W3C home > Mailing lists > Public > www-tag@w3.org > February 2012

use of SSL and privacy

From: Larry Masinter <masinter@adobe.com>
Date: Wed, 8 Feb 2012 05:21:48 -0800
To: "www-tag@w3.org" <www-tag@w3.org>
Message-ID: <C68CB012D9182D408CED7B884F441D4D06A8978295@nambxv01a.corp.adobe.com>
Recently in a TAG discussion about SPDY the statement:

"The use of SSL for all SPDY interactions offers the promise of improved privacy on the Web."

was discussed. I objected to this statement.

I don't see how using SSL offers much of a promise at all for improved privacy on the Web. To really offer a promise of "improved privacy on the Web", a mitigation technique would have to actually be helpful in some of the privacy use cases.

The primary security threat model to HTTP, for which SSL is mitigation, is that of 3rd party observation of communication. For example:

A talks to B. Party C eavesdrops on the conversation (through packet sniffing, breaking into the routers between A and B, installing MITM interception).

SSL offers end-to-end encryption; without it, party C knows everything they are saying to each other.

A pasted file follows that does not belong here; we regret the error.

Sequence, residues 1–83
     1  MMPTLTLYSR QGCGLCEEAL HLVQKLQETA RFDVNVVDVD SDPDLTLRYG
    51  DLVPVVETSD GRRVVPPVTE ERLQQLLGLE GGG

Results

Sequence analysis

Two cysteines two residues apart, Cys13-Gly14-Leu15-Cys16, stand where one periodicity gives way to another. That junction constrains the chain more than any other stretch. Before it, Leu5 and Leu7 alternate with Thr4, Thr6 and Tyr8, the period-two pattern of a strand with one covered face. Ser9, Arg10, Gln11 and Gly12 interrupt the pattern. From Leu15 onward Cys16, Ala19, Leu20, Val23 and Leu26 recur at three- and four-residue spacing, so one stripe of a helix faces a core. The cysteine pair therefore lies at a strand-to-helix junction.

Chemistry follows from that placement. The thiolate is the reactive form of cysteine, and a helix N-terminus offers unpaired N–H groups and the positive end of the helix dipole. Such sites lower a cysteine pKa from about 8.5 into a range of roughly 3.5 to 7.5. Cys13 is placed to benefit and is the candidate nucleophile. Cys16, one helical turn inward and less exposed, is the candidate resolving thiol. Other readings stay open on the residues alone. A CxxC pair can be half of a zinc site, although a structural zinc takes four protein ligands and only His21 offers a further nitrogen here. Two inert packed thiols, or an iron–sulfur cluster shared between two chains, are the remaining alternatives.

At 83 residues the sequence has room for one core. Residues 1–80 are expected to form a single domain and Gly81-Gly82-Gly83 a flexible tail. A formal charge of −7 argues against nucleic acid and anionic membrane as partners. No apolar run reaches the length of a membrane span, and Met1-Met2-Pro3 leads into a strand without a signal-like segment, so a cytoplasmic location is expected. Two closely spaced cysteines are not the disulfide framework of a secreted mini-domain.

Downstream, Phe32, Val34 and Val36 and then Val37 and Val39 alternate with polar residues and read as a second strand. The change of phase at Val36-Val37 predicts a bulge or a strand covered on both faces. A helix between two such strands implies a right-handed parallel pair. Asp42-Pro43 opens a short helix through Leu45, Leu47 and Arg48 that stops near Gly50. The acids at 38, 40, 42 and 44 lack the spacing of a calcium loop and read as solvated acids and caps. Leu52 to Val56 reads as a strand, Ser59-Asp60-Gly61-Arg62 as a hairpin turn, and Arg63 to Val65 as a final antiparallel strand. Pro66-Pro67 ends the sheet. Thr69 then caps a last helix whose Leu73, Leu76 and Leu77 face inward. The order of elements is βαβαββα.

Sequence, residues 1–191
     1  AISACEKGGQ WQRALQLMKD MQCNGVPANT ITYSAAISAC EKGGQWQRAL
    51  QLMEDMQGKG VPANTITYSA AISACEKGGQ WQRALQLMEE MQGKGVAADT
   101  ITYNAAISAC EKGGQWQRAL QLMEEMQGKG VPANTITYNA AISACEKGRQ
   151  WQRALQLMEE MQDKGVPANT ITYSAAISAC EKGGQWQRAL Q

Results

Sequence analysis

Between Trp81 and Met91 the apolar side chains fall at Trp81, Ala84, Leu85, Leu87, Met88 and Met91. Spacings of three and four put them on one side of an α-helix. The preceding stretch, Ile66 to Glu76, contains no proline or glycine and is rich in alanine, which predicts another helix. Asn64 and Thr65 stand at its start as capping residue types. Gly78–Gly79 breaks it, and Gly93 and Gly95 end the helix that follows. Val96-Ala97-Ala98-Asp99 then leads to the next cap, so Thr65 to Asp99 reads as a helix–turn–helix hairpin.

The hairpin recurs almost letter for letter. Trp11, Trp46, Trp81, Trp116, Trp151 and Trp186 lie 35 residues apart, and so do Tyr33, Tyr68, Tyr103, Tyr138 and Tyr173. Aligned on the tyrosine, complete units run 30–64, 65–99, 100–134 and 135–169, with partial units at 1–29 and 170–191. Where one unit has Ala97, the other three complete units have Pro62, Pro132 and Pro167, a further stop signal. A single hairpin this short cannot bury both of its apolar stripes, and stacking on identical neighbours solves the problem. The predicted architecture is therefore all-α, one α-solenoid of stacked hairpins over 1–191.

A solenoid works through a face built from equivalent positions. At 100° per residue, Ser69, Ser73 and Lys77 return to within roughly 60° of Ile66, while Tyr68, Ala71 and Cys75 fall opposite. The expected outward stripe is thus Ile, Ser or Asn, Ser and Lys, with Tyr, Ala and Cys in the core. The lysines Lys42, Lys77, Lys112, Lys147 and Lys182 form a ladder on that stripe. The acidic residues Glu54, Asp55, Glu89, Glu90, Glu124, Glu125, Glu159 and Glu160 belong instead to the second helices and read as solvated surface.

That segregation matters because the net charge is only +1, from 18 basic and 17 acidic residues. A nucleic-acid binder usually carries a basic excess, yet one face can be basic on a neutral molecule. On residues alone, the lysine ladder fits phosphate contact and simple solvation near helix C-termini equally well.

The primary privacy threat is not from eavesdroppers, though. The main privacy threat cases are of the form:

A talks to B; B gathers and collects information about A's habits. B then subsequently shares B's knowledge about A with a third party C, without A's approval.

That is, "privacy" is primarily concerned with the passing on of information that was originally allowed, through explicit, intentional actions of one of the parties.   Intrusion is not required or necessary.

Of course there are of course cases where poor security practices can also lead to loss of privacy (B tries to keep information about A private, but B's data storage is compromised), but even in those cases, SSL, being only a session-layer security method, doesn't offer any promise of improvement.

And even with SSL, an eavesdropper C still can observe traffic, and know that A is talking to B.  Traffic analysis - knowing what URLs you have visited - could still be a privacy threat. In some of the privacy use cases ("insurance company observes potential health insurance applicant might have a prior condition because they have visited web sites devoted to discussions of expensive to treat illnesses"), traffic analysis is almost as serious a threat.

Could SSL actually REDUCE privacy?

I can imagine that using SSL for all transactions can also diminish privacy - by improving the fingerprint of clients who use SSL, by interfering with or increasing the cost of using, supplying, supporting proxy anonymizers, etc.


I can't see any way that using SSL offers much of a promise of improved privacy on the Web. I don't think anyone should claim it offers such a promise without at least justifying that it does more good than harm.

Received on Wednesday, 8 February 2012 20:57:03 UTC

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